READING A SEALANT PRODUCT NAME_page

What's in a product name? Not all of our customers are aware that in a specific product name, they can find out these things:

a) The class of sealant and therefore the type of tools they'll need

b) The application time, or the amount of time they have to work with the sealant before it begins to change consistency and become more difficult to tool

c) The manufacturer of the sealant

Understanding Sealant Names

As an example, let’s take a look at CS3204B1/2 fuel tank sealant. You can learn a lot just from its name.

  1. CS indicates the manufacturer, Flamemaster. Some of the common company acronyms are AC (3M), PR (PPG/Proseal), P/S (PPG/Proseal), CS (Flamemaster), WS (Royal Adhesives now HB Fuller), Dapco (D Aircraft, now Solvay), and NSL (NSL Aerospace).
  2. The number 3204 is a numerical identifier determined by Flamemaster. Every company creates its own number based on its own internal reasons.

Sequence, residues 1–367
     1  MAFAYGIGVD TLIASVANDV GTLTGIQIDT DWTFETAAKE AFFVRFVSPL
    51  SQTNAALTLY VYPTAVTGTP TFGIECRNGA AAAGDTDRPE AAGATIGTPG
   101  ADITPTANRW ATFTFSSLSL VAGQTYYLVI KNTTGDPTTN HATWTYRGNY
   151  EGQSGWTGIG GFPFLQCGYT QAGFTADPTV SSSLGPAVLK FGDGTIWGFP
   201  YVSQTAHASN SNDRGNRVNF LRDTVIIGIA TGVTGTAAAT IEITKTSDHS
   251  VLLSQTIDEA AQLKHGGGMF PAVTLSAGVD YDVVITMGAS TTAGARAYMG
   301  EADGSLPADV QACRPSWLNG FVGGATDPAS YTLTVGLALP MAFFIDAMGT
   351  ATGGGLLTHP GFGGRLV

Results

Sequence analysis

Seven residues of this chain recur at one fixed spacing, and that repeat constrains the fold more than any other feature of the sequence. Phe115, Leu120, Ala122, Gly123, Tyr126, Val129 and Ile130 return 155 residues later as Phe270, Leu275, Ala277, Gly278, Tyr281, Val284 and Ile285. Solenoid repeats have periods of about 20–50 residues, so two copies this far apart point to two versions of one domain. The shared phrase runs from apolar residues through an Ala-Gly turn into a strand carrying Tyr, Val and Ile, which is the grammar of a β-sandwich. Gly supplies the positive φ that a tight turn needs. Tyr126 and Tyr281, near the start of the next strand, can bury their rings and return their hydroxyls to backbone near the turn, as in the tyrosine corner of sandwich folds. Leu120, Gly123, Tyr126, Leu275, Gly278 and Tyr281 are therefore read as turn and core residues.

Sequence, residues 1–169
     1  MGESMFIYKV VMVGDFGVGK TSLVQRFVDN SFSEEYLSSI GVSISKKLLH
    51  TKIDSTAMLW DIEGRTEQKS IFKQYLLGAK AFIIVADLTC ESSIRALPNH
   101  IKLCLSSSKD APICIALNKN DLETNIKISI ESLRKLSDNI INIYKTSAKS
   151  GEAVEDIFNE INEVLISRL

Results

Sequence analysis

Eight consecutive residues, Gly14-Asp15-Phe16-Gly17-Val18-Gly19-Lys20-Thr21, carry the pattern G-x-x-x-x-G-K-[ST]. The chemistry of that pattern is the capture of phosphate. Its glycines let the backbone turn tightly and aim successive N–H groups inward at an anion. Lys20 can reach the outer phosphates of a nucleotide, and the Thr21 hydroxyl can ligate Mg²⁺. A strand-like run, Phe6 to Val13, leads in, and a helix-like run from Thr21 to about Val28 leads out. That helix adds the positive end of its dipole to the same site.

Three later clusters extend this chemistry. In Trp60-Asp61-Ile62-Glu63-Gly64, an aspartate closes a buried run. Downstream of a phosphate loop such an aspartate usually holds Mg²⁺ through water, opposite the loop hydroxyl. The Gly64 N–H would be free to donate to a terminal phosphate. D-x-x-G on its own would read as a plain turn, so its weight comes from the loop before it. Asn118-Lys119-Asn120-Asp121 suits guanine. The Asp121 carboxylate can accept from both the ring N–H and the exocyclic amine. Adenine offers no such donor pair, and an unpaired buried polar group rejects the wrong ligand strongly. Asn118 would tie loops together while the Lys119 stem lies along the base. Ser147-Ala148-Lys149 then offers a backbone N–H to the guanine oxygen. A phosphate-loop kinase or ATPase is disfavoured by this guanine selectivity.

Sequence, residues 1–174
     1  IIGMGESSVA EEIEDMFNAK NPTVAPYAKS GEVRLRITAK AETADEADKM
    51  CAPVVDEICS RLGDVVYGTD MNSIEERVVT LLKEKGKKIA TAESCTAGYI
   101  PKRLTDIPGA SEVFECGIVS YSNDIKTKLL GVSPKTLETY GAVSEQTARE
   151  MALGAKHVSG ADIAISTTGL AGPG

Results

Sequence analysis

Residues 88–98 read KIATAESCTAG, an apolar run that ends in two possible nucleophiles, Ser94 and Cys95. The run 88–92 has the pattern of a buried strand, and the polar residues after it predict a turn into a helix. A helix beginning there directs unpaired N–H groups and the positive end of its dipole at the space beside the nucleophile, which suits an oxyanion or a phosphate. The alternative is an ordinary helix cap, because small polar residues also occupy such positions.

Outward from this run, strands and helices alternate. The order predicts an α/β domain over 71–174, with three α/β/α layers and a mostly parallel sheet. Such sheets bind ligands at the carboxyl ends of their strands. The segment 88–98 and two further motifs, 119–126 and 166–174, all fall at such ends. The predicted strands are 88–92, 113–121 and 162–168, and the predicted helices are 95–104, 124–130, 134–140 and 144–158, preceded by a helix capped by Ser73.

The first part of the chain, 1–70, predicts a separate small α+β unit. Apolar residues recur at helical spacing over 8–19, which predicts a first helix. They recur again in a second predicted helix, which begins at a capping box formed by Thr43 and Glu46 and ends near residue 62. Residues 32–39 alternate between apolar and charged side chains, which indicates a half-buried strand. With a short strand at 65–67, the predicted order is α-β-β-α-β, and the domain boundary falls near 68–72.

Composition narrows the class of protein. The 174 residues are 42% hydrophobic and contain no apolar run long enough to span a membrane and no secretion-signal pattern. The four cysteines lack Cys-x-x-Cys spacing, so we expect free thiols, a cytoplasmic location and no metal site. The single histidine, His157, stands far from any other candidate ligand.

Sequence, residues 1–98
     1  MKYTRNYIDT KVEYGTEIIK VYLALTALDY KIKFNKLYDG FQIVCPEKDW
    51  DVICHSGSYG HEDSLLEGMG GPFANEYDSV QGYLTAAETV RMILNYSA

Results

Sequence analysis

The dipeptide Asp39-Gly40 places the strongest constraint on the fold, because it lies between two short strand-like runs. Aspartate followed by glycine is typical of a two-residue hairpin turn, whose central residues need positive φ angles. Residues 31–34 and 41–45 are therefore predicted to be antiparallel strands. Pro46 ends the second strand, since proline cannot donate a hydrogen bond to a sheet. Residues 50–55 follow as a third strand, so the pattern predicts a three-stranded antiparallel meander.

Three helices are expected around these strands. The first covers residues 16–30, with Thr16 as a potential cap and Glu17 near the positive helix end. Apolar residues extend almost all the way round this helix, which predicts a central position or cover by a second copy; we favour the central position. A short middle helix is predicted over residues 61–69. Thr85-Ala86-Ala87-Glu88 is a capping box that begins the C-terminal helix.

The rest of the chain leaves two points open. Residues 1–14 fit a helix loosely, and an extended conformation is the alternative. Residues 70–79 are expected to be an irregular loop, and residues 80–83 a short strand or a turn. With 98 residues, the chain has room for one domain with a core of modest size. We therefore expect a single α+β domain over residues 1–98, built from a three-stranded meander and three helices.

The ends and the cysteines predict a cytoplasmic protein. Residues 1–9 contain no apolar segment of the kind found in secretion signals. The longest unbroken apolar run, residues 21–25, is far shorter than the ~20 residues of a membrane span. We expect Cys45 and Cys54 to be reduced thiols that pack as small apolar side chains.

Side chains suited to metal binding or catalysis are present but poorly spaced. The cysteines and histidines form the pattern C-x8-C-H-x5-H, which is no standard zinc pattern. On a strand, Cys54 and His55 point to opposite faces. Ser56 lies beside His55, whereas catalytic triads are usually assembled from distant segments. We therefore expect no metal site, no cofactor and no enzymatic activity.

3. The B stands for Class B, meaning this product has more of a paste-like consistency. When working with more viscous sealants like this, most people will use tools like an extrusion gun, putty knife, or spatula. An extrusion gun is most often used when you need to create a bead or do a fillet seal.
  4. The 1/2 stands for the application time. That number is read in terms of hours. So 1/2 is the equivalent of 1/2 an hour or 30 minutes. Other common application times are 1/4, 2, and 4. This indicates how much time you have to work with the sealant before it starts to change consistency and becomes more difficult to tool. That's the period of time in which the sealant is hardening and working towards curing and can no longer be manipulated.

We hope this helps. Feel free to reach out for clarification or other questions.